Statistical Methods For The Analysis And Development Of Quantitative Imaging Biomarkers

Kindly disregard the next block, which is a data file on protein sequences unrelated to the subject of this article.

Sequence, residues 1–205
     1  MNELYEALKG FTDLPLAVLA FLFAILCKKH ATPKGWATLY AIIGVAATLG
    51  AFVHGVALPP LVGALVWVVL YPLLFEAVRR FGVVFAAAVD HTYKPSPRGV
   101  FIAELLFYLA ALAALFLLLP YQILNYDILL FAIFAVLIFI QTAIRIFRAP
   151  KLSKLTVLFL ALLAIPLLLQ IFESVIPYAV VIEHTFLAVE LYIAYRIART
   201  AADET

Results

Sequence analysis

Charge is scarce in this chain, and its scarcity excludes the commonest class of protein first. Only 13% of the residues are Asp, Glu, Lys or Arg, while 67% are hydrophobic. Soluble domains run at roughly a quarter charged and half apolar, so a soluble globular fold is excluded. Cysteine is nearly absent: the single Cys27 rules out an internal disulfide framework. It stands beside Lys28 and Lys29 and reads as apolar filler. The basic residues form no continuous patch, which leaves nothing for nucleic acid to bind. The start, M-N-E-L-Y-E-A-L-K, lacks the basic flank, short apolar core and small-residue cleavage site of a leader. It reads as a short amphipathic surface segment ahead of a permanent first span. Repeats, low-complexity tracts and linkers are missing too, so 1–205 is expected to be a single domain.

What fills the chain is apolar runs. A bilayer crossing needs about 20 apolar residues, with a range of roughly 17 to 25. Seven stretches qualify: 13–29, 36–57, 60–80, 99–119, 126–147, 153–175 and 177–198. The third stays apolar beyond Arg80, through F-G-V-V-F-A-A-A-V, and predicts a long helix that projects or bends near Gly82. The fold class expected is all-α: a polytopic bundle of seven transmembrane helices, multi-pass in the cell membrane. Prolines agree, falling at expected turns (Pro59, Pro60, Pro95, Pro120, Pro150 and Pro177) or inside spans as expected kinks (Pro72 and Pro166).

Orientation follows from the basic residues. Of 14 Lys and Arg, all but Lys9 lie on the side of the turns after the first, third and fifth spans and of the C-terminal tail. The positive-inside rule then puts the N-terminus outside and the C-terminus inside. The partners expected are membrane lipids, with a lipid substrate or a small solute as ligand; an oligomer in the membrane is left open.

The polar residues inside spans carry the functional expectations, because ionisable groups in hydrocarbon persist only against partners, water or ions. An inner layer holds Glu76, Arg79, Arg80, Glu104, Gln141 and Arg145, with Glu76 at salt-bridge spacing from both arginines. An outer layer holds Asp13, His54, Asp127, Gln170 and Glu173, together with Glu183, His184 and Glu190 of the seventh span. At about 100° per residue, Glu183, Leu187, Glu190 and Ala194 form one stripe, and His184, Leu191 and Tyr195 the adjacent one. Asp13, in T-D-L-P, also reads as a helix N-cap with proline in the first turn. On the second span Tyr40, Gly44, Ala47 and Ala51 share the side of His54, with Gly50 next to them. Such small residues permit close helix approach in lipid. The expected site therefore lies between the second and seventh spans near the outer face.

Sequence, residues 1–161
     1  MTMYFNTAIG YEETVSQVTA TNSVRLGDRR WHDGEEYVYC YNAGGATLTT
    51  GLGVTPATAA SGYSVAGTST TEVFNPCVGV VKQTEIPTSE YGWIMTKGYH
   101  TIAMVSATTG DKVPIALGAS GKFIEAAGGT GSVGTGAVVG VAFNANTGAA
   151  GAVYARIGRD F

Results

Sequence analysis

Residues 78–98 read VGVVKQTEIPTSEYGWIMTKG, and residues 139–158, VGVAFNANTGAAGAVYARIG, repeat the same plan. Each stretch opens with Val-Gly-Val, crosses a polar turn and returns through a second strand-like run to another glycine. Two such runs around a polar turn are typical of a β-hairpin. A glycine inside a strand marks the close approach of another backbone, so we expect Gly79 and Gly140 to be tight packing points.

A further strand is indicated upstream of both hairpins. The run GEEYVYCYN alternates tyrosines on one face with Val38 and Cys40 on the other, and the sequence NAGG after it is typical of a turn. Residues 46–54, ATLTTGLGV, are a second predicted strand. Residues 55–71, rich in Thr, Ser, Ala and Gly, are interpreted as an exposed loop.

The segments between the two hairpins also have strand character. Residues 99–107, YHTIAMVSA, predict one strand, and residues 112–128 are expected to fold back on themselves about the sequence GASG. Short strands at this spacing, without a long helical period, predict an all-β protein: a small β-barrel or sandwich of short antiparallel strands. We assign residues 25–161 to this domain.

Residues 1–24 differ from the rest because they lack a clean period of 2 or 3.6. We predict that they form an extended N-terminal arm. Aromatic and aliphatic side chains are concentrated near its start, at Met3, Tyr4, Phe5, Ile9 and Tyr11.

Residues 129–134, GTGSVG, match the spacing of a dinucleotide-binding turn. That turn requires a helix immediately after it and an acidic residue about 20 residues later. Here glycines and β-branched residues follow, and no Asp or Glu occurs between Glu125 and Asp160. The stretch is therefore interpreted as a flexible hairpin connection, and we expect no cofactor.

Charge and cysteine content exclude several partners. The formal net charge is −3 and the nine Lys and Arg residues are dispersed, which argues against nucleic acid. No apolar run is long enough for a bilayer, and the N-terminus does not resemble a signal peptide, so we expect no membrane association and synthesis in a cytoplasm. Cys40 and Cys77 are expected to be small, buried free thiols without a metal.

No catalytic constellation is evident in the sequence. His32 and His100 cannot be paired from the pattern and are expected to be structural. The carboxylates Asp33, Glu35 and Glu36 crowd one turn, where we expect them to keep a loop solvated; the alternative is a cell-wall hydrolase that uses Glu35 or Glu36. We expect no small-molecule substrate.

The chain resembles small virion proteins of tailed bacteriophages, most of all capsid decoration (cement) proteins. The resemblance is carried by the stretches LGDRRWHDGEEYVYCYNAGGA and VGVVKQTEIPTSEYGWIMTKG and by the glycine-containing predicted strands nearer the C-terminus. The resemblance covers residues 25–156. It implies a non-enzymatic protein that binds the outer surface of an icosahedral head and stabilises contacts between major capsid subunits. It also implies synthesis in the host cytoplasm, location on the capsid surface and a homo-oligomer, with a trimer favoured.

The field of neuroimaging statistics is concerned with elucidating meaningful conclusions from high-dimensional imaging objects, often in the form of single-dimensioned summary statistics. Ideally, these summaries should provide interpretable biomarker measurements that can guide patient diagnoses or treatment decisions while minimizing information loss associated with dimension reduction. This dissertation is focused on (1) exploring methods for analyzing previously developed imaging biomarkers and (2) developing new imaging biomarkers using both well-established and novel imaging analysis techniques. We approach this problem in three ways: in our first project, we assess how previously developed imaging biomarkers can best be incorporated into downstream analyses in the context of a clinical trial. This work conceptualizes imaging biomarkers as measurements which intrinsically contain historical information on a patient and examines the effect of incorporating these predictors on the statistical power in a clinical trial analysis. For our second project, we develop a radiomic predictor that automatically identifies an important prognostic biomarker in multiple sclerosis, relying on quantification of imaging patterns potentially associated with brain atrophy and more severe disease courses. In our third project, we construct a coordinate system and framework for multiple sclerosis lesions analyses for more sensitive and specific biomarker development. We use dimension reduction and flexible nonparametric modelling to assess the diagnostic value of this method. These methods lay the groundwork for improving future work developing and utilizing imaging biomarkers with imaging statistics.